Major cryptocurrencies are currently enduring price declines from already depressed levels. It’s a selloff, though likely not one large enough to shake the confidence of the crypto faithful. Still, the impact of falling crypto prices on assets priced in crypto should prove interesting.
The NFT market, largely built on the Ethereum blockchain, has seen a rapid ascent in value and trading volumes as the value of ether, the native token of its chain, appreciated massively. What will happen to NFTs in a market in which ether is falling? Let’s talk about it.
How much of a selloff?
In the last week, bitcoin has fallen by 8.6%, ether by 7.8% and Solana’s token by just around 12%, per CoinMarketCap data. Those are sharp declines, even for the more volatile crypto market. From recent highs, the declines are even steeper. From all-time highs set during Q4 2021, bitcoin is off by around 35%, ether 28%, and Solana’s token about 40%.
What’s going on? The Wall Street Journal has a pretty succinct explanation today:
Cryptocurrencies led by bitcoin and ether slumped as part of the broader tech selloff, cementing their status among investors as risky assets quickly dumped in moments of market stress.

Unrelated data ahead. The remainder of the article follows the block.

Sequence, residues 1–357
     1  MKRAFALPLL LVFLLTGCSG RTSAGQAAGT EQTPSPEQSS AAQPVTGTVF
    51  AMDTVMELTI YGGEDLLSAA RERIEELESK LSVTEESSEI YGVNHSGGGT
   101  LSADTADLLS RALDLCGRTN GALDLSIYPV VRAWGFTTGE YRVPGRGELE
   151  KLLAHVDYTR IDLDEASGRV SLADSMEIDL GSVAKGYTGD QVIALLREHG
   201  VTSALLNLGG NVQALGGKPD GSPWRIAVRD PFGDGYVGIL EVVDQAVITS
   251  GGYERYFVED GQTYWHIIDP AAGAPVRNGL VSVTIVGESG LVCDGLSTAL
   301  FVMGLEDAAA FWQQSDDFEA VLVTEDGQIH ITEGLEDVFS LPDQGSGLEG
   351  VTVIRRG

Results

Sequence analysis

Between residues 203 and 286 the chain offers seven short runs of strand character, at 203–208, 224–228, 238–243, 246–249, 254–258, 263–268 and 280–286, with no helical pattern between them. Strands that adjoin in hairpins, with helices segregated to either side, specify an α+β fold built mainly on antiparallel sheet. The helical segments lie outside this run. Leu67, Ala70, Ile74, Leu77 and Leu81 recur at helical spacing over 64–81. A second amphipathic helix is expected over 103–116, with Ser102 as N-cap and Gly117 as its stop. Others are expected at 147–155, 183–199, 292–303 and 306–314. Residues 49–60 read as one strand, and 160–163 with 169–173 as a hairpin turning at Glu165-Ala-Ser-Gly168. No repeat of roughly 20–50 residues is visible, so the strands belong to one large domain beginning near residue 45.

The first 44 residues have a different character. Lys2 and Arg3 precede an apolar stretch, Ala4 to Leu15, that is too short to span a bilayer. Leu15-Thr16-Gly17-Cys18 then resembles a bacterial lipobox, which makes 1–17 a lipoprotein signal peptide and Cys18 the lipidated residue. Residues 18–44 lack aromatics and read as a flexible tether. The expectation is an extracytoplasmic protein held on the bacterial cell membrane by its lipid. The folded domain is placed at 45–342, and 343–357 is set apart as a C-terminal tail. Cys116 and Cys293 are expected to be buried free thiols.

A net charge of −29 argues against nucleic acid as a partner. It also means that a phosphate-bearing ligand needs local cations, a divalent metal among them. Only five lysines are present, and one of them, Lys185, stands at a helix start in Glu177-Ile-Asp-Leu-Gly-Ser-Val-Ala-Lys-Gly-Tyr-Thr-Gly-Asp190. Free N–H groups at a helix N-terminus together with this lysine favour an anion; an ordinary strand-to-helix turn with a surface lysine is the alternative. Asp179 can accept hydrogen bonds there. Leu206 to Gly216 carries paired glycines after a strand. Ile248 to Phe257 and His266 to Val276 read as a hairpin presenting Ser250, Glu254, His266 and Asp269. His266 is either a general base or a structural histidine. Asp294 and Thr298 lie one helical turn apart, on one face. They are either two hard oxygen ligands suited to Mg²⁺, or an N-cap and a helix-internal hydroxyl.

The falls were triggered by Federal Reserve minutes that showed officials are eyeing a faster timetable for raising interest rates this year. As rates rise, holding volatile investments that produce little income becomes less attractive compared with government bonds.
Simply: As rates rise, less risky assets are more attractive in yield terms; this makes riskier assets less attractive and therefore worth less. Declines in the value of high-growth software stocks are likely driven by similar dynamics in the crypto market. Bitcoin is not an uncorrelated asset, it seems clear at this point.
But what does all of that mean for NFTs? A few things.
Prices, trading and correlations
The boom in NFT value and trading activity does not have a single driving factor. Instead, myriad inputs have been at play, from celebrity involvement to improving technology, better public awareness and more.
Also involved, I would argue, has been the sharp appreciation of ether in the last year or so. In mid-2020, Ethereum’s token could be purchased for less than $250 each. The value of ether tripled by the end of the year and reached the $4,700 mark last year. That enormous appreciation led to the creation of a simply massive amount of paper — token? — wealth. In short, folks holding ether enjoyed huge returns, very quickly.
More than anything else, the wealth created from the appreciation of ether led to the NFT boom, from my perspective. After all, I don’t think that folks have been transferring millions of dollars into ether to buy digital signatures on the blockchain that relate to particular images; instead, I think we’re seeing ether-rich folks gamble with what must feel like house money on non-traditional assets. Not that that is a bad thing; it’s neutral, I reckon. But it does raise the question of what happens to both NFT activity and NFT prices when their backing asset, if we can call ether that, rapidly loses value.
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